Set options Expand or contract help

Choose solver

Enter problem
and constraints

Run solver

View results

See final point

You can also start the tool from the MATLAB Apps tab.

4-6
Optimize Using Pattern Search

To use the Optimization app, first enter the following information:

Objective function The objective function you want to minimize. Enter the
objective function in the form @objfun, where objfun.m is a file that computes the
objective function. The @ sign creates a function handle to objfun.
Start point The initial point at which the algorithm starts the optimization.

In the Constraints pane, enter linear constraints, bounds, or a nonlinear constraint


function as a function handle for the problem. If the problem is unconstrained, leave
these fields blank.

Then, click Start. The tool displays the results of the optimization in the Run solver
and view results pane.

In the Options pane, set the options for the pattern search. To view the options in a
category, click the + sign next to it.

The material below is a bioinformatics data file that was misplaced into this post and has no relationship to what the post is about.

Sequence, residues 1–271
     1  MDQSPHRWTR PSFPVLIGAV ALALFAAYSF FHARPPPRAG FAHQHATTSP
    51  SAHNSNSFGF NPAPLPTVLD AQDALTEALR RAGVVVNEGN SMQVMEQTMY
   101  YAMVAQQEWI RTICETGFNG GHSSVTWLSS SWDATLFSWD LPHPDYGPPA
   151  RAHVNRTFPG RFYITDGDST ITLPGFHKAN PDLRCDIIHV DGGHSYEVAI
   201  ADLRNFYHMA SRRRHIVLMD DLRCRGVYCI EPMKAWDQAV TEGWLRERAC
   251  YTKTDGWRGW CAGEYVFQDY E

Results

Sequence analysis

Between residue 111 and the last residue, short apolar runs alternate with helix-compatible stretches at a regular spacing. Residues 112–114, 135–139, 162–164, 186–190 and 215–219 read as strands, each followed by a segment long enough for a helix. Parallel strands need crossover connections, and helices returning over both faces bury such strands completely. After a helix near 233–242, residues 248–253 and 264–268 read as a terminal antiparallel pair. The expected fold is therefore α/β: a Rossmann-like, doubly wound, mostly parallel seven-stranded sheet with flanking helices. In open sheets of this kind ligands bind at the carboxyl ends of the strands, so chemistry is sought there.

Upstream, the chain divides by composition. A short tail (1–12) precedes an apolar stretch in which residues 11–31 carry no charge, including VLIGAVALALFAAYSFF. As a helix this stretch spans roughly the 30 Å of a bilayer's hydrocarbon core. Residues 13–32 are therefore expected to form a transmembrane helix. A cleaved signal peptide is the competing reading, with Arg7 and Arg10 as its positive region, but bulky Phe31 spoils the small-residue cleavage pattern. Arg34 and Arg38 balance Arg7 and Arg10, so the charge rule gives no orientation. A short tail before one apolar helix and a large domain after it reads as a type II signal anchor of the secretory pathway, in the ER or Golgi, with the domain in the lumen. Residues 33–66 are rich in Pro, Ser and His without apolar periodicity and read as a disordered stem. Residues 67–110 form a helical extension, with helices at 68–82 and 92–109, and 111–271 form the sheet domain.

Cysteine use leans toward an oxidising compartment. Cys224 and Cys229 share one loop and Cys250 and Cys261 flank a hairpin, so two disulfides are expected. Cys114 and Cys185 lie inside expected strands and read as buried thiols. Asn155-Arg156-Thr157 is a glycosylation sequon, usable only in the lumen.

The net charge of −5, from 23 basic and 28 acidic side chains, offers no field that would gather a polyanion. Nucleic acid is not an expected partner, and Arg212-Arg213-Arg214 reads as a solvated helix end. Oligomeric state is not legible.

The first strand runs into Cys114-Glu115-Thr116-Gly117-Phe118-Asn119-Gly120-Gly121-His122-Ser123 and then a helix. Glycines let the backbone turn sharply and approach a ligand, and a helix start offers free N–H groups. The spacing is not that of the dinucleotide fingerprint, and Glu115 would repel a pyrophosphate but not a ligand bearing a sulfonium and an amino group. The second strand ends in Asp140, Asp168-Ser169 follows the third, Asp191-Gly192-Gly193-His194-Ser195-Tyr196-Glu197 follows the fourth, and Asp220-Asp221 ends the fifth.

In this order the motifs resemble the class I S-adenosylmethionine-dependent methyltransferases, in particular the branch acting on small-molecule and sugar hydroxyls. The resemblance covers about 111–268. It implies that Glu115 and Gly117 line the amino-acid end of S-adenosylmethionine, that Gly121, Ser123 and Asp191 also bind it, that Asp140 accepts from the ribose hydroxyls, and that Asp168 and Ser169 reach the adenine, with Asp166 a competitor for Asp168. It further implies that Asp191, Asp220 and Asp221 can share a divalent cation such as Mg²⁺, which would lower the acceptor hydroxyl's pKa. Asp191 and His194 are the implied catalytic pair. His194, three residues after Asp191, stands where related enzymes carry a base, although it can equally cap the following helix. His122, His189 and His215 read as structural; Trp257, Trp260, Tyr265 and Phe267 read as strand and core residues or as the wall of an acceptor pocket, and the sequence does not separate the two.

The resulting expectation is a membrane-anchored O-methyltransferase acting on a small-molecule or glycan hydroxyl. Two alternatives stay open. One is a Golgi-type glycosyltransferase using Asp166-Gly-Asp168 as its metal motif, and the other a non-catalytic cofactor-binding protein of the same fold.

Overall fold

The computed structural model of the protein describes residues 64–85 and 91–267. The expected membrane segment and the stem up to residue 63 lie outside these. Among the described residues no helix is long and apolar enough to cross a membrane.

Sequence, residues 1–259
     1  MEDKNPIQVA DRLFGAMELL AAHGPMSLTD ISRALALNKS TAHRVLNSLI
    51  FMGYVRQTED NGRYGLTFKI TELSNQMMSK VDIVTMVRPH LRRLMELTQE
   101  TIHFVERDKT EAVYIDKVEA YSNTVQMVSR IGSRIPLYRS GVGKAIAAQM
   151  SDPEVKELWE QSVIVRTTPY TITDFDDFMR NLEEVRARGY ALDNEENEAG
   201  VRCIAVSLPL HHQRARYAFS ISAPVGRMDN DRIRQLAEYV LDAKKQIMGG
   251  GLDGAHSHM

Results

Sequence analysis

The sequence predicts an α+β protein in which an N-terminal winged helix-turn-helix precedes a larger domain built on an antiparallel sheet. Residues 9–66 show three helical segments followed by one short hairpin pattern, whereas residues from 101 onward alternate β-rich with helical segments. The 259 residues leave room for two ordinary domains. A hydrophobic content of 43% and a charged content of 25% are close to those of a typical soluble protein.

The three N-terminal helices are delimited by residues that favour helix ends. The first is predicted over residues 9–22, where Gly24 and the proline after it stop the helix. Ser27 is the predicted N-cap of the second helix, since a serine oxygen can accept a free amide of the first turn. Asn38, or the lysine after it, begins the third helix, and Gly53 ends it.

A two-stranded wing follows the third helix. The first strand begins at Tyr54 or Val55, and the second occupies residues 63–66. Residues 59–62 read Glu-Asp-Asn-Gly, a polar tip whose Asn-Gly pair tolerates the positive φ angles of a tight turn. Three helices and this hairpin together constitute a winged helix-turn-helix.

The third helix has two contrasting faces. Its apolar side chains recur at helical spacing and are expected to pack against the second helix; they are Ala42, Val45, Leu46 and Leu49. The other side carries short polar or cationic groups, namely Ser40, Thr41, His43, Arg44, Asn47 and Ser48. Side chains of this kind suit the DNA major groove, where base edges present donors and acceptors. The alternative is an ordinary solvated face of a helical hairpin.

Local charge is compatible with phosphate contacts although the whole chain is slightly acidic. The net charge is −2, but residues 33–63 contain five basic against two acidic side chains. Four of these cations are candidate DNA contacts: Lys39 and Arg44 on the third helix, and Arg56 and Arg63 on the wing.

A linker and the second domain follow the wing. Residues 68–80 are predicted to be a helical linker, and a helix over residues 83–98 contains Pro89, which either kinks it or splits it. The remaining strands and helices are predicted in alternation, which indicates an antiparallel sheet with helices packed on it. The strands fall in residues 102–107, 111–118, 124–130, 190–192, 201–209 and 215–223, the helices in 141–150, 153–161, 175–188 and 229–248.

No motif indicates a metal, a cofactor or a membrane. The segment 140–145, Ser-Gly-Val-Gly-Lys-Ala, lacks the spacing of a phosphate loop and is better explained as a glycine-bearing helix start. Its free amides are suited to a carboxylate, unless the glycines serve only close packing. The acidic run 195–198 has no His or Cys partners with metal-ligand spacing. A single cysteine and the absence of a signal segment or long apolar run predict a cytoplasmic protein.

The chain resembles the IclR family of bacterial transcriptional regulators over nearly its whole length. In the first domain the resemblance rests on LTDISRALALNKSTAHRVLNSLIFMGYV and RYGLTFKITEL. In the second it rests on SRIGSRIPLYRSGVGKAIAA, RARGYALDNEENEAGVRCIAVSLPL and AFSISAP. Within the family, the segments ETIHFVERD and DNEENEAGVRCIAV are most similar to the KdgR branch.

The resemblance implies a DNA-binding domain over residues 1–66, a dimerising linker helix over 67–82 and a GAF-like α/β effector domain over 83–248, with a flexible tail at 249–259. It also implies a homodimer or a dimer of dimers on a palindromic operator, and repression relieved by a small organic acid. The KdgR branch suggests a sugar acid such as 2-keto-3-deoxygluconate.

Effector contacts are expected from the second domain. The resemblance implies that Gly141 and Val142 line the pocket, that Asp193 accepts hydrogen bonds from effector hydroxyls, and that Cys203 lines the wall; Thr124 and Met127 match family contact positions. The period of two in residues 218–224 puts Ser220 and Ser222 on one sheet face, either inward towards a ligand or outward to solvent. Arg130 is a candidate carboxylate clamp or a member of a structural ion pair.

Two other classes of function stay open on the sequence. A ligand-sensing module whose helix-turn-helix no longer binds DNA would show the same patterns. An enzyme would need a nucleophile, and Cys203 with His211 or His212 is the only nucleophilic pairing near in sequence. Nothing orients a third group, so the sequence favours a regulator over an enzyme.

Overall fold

Finding the Minimum of the Function on page 4-10 gives an example of using the
Optimization app.

For more information, see Optimization App in the Optimization Toolbox


documentation.

4-7
4 Using Direct Search

Optimize Using the GPS Algorithm

In this section...
Objective Function on page 4-8
Finding the Minimum of the Function on page 4-10
Plotting the Objective Function Values and Mesh Sizes on page 4-11

Objective Function
This example uses the objective function, ps_example, which is included with Global
Optimization Toolbox software. View the code for the function by entering

type ps_example

The following figure shows a plot of the function.

4-8
Optimize Using the GPS Algorithm

Code for creating the figure

xi = linspace(-6,2,300);
yi = linspace(-4,4,300);
[X,Y] = meshgrid(xi,yi);
Z = ps_example([X(:),Y(:)]);
Z = reshape(Z,size(X));
surf(X,Y,Z,'MeshStyle','none')
colormap 'jet'
view(-26,43)
xlabel('x(1)')
ylabel('x(2)')
title('ps\_example(x)')

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4 Using Direct Search

Finding the Minimum of the Function


To find the minimum of ps_example, perform the following steps:

1 Enter

optimtool

and then choose the patternsearch solver.


2 In the Objective function field of the Optimization app, enter @ps_example.
3 In the Start point field, type [2.1 1.7].